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Please verbalize or
have in mind that you are studying this material as a merit for a specific
single and/or Jewish singles throughout the world.
Teshuva for loshon
- How can I do Teshuva for loshon horah that I’ve spoken?
- It depends on what effect your words had.
- If your words did not cause harm, i.e. the listener(s) rebuffed
your loshon horah and did not believe your utterances; you have sinned
only to Hashem. As such, the Teshuva process is as follows.
1. Remorse: To recognize the severity of the sin to the extent
that you wish you hadn’t committed it and feel great sorrow and anguish that it
2. Vidui: Verbally admit to the sin.
3. Resolution: You must resolve with full sincerity never to
commit the sin again.
- If your words caused harm to another Jew, the teshuva
process is as follows:
1. Appease your friend: You need to approach your friend and beg for
2. Seek forgiveness from Hashem: Follow the 3 steps of Teshuva
Note: If you do not seek your
friend’s appeasement, nothing can atone for the sin, including Yom Kippur and
- I spoke loshon horah about a friend. She doesn’t know
that I spoke about her. Must I inform her? It will cause me much
- According to the Chofetz Chaim Zt”l, you must reveal to
your friend that you spoke loshon horah about her and beg her for
forgiveness. As Chazal teach us, it is much better to be disgraced all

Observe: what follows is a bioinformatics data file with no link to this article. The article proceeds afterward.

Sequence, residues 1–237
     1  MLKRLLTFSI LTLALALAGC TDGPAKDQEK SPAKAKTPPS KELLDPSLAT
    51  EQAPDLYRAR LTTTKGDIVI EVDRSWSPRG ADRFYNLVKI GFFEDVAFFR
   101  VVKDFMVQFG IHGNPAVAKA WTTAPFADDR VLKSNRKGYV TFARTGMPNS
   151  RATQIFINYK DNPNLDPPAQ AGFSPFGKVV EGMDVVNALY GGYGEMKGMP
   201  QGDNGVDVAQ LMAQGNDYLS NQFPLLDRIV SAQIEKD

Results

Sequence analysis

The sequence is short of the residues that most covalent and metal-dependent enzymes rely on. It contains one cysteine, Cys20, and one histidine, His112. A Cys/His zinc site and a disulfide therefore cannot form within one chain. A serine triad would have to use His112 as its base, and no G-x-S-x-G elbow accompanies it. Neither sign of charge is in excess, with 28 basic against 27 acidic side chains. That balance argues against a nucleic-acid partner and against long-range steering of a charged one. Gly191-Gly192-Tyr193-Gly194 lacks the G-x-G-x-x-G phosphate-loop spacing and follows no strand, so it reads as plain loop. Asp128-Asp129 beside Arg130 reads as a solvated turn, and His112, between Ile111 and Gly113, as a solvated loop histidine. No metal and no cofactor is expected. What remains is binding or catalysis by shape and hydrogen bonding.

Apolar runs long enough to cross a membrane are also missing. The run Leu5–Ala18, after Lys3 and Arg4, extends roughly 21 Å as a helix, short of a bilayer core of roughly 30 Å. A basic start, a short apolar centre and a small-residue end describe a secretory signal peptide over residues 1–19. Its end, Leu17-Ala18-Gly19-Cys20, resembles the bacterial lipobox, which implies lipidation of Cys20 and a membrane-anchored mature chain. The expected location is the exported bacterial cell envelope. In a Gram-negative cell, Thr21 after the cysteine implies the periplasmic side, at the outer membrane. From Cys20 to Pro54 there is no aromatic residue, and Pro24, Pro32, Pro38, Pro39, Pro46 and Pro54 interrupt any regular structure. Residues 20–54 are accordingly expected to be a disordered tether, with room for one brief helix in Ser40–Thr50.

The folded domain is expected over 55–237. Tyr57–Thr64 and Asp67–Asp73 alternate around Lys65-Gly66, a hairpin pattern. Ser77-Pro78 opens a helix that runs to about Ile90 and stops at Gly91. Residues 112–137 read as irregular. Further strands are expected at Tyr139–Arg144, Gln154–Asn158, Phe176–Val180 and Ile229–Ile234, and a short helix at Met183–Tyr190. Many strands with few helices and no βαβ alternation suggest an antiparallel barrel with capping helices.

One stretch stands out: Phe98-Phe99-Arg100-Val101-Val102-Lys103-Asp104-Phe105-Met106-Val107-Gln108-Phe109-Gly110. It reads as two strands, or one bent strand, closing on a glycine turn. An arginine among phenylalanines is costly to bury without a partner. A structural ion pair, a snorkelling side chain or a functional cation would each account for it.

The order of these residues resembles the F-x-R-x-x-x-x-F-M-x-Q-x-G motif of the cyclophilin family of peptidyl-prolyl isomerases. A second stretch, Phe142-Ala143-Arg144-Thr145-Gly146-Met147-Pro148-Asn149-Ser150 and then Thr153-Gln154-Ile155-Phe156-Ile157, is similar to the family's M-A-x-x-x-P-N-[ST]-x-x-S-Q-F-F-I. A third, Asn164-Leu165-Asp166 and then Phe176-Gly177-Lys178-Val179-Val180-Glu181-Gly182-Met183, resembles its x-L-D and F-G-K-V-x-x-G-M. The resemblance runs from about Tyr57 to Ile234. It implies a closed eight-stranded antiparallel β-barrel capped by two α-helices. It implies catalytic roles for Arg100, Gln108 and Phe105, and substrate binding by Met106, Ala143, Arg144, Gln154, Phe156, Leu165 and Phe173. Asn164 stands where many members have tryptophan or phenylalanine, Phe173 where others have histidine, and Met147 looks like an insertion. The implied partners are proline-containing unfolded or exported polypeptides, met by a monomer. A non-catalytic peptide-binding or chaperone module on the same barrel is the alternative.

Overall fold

our days here in this world, than to be considered a Rasha in the eyes of
Hashem, for even one moment.
This section is
formatted as a conversation between Oded and Menaseh. Oded is encouraging his
friend Menaseh to be more careful in guarding his tongue from evil speech. The
thoughts in this section are primarily based on the sefer, Shmiras Haloshon.
Oded: We mentioned 7 possible causes that can lead a
person to freely speak loshon horah. They were:
Menaseh: Yesterday, we were discussing frivolity and
vain speech. You quoted excerpts from the Vilna Gaon’s famous letter.
Oded: I would like to share with you additional
excerpts from that letter.
Oded: The Vilna Gaon writes that the severe
punishment known as the Kaf Hakela (Catapult) is driven by vain speech.
Menaseh: Can you explain that?
Oded: For every vain word that a person utters, his
soul is hurled from one end of the world to the other, via this catapult.
Menaseh: I have a hard time relating to that.
Oded: It is certainly hard to relate to something
that you haven’t seen or experienced; but of one thing I can assure you; it’s
no amusement park ride. It’s something that is torturous to a person’s soul.
And as the Vilna Gaon writes, for every vain word one is flung across the
Menaseh: So if I understand you correctly, that
punishment is for vain speech. What about forbidden forms of speech?
Oded: “For forbidden speech,” writes the Vilna Gaon,
“especially in Shul or on Shabbos or Yom Tov, a person must descend to the
depths of Gehinom. It is not possible to estimate the terrible pain and
suffering that a person experiences there, even for one forbidden word.”
Menaseh: Is a person held accountable for every word
that he utters?
Oded: Yes; every single word is recorded, not one
word is lost.
Menaseh: All that you’ve shared with me is written
in the Vilna Gaon’s letter?
Oded: Yes; and as you know, the Vilna Gaon was known
to be very exact and accurate with his words.
Menaseh: I’m taking what you’ve said very
seriously. It’s certainly a very strong reason to weigh ones words with great
If you have any
questions regarding these lessons, feel free to contact Rabbi Faivel Adelman by
hitting the reply button.
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1) Sefer Chofetz Chaim Sec. 1 Chap. 4 Par.
2) Sefer Chofetz Chaim Sec. 1 Chap. 4 Par. 12
Sefer Shmiras Haloshon Sha’ar Hatevunah Chap. 13